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Testimony Before the Wisconsin Senate Committee on Labor and Regulatory Reform on Civil Asset Forfeiture

May 30, 2017

In this testimony before the Wisconsin Senate Committee on Labor and Regulatory Reform Jesse Hathaway discusses civil asset forfeiture and how Wisconsin could lead the national in positive forfeiture reform.

Testimony Before the Wisconsin Senate Committee on Labor and Regulatory Reform
Jesse Hathaway, Research Fellow, The Heartland Institute
Tuesday, May 30, 2017

Chairperson Nass and members of the committee, thank you for giving me the opportunity to testify today.

My name is Jesse Hathaway. I am a research fellow for the Center on Budgets and Taxes at The Heartland Institute, a 32-year-old national nonprofit research and education organization. Our mission is to discover, develop, and promote free-market solutions to social and economic problems. The Heartland Institute is headquartered in Illinois and focuses on providing national, state, and local elected officials with reliable and timely research and analyses on important policy issues.

Civil asset forfeiture is an issue an increasingly larger number of people across the country are becoming aware of. Civil asset forfeiture, also called civil judicial forfeiture, is a controversial legal fiction, in which law-enforcement agencies take ownership of personal assets from individuals or groups suspected of a crime or illegal activity. In some cases, this can be done without bringing criminal charges against those whose assets are taken.

Between 2000 and 2013, about $51.2 million in assets and money seized from Wisconsin residents, or about $3.6 million each year, was laundered back to Wisconsin local and state police departments and government agencies from the U.S. Department of Justice’s Equitable Sharing Program, a federal program many have criticized as a program circumventing state property-rights protections by treating local crimes as national incidents requiring federal assistance.

Proponents of forfeiture argue it allows law-enforcement agencies to use seized assets toward their enforcement efforts, transforming property illicitly gained by criminals into resources to be used for public benefit. Critics of the process note it gives government agencies economic incentives to take property, corrupting them and penalizing innocent property owners. Many states impose no penalties on law-enforcement agencies for wrongful seizures, and when property is deemed to have been taken illegally, taxpayers usually have to pay for the returned assets.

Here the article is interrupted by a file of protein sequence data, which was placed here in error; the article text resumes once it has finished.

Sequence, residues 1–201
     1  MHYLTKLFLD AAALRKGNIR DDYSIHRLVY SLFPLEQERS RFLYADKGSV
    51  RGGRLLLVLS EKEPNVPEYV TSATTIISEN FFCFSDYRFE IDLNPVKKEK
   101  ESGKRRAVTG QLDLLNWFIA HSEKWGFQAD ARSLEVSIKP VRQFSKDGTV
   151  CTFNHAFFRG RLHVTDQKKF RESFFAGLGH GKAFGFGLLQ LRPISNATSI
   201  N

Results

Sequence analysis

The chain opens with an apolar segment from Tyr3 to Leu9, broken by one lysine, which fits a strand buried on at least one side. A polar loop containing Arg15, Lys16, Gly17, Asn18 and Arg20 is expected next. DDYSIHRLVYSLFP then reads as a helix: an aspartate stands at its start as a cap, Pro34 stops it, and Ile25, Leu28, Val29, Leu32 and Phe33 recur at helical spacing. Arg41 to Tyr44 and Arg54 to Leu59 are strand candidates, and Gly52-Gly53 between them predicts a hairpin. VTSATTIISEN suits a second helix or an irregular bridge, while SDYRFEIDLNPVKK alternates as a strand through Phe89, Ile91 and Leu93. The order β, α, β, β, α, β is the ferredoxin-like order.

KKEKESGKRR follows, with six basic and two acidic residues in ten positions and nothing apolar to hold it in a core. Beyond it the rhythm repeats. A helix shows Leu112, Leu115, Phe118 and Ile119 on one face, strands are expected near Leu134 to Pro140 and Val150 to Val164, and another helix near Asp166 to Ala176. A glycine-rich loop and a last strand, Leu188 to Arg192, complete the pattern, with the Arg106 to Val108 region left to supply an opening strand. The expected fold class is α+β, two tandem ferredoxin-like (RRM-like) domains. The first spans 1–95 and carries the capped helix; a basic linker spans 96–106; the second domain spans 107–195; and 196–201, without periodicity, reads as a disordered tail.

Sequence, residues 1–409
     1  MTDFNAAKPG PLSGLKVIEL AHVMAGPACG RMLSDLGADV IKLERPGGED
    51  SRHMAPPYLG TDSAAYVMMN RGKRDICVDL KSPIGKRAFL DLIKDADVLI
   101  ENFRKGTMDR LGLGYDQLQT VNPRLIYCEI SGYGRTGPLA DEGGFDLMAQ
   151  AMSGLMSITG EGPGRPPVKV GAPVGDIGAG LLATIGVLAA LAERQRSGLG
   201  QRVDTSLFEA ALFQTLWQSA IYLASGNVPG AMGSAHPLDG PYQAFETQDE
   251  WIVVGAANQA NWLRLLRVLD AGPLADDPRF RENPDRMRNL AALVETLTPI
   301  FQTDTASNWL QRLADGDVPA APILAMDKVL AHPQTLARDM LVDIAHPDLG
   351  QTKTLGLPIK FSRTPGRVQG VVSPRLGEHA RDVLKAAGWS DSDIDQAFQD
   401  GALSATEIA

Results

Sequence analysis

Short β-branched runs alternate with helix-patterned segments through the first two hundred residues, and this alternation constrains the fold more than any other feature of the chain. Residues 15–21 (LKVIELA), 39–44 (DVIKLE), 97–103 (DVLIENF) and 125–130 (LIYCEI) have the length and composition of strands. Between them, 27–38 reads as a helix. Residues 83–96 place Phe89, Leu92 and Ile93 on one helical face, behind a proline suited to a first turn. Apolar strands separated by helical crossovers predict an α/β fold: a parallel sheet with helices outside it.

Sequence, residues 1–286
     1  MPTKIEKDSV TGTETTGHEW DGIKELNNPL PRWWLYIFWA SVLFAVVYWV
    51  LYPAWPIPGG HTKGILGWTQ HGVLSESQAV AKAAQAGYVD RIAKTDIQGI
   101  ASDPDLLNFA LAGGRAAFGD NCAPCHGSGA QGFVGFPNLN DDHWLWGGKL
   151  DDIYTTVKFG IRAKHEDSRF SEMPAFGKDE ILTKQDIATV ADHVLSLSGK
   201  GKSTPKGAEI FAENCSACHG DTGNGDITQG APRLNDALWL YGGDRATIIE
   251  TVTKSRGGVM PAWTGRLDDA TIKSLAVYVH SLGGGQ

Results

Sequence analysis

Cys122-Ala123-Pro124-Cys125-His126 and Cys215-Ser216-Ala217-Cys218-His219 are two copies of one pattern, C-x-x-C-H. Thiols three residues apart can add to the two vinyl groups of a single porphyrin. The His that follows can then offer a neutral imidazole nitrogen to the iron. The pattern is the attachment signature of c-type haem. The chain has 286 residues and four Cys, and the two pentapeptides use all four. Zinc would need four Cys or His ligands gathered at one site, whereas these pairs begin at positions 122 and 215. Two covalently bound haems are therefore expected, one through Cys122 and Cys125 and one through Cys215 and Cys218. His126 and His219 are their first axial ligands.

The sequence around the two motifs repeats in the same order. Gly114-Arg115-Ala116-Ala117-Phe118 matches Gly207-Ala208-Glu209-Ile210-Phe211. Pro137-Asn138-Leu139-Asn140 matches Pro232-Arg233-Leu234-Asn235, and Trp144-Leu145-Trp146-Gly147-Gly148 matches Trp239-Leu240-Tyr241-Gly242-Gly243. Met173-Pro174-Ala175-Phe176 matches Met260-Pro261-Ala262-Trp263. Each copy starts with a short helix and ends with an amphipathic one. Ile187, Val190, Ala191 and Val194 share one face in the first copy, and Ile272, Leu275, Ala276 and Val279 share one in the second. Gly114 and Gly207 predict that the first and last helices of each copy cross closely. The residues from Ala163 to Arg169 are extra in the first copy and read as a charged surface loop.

The standard of proof used to determine whether a seizure may occur differs from state to state.

In civil forfeitures in Wisconsin, property owners are presumed guilty and lose their property unless they contest the forfeiture and prove they were not aware their property was being used illegally. Unless an owner actively works to recover his or her property, it will be lost.

Property owners are often given very little opportunity to challenge seizures, and when they do challenge, the process is expensive for those whose property is seized, as they must pay for attorneys and legal fees to prove their innocence. In many instances, property owners must meet with prosecutors, not a judge or jury, to regain their property.

Wisconsin’s burden of proof is very low—“reasonable certainty,” which is equivalent to “a preponderance of the evidence”—but regardless of the standard, the cost of violating citizens’ civil liberties is still too high.

Ideally, Wisconsin would fully move to a criminal asset forfeiture system, requiring criminal convictions for all forfeiture proceedings, but the substitute amendment is a good incremental step toward that goal. The substituted bill would increase the standard to “clear and convincing evidence,” a standard many courts use for civil lawsuits involving non-monetary issues, such as restraining orders and probate cases.

The “clear and convincing” standard means the evidence is highly and substantially more likely to be true than untrue, as it was stated clearly in Colorado v. New Mexico, a 1984 U.S. Supreme Court case.

Civil asset forfeiture reform is not about punishing law-enforcement officers. In fact, its goal is the opposite: By removing the economic incentives that now exist, we can help ensure citizens trust the current system, leading to improved community-police relations.

It is your responsibility as lawmakers to defend the rights of the citizenry against harm. Although the intentions of civil asset forfeiture may have originated with a principled purpose, we can help ensure that “crime does not pay” without violating due process and private property rights.

Narrowing the government’s forfeiture powers and requiring greater transparency and data collection are great ways to help fix the problem at hand.

Wisconsin lawmakers should continue to implement reforms that will remove incentives for police to seize assets and require clear evidence a person has committed a crime before property is taken.

Civil asset forfeiture reform, including the substitute amendment under consideration today, will help Wisconsin lead the nation in criminal justice reform, setting an example that other states can use to implement similar reforms.

Thank you for your time today. 

Author
Jesse Hathaway is a policy advisor for budget and tax issues at The Heartland Institute.
media@heartland.org @JesseinOH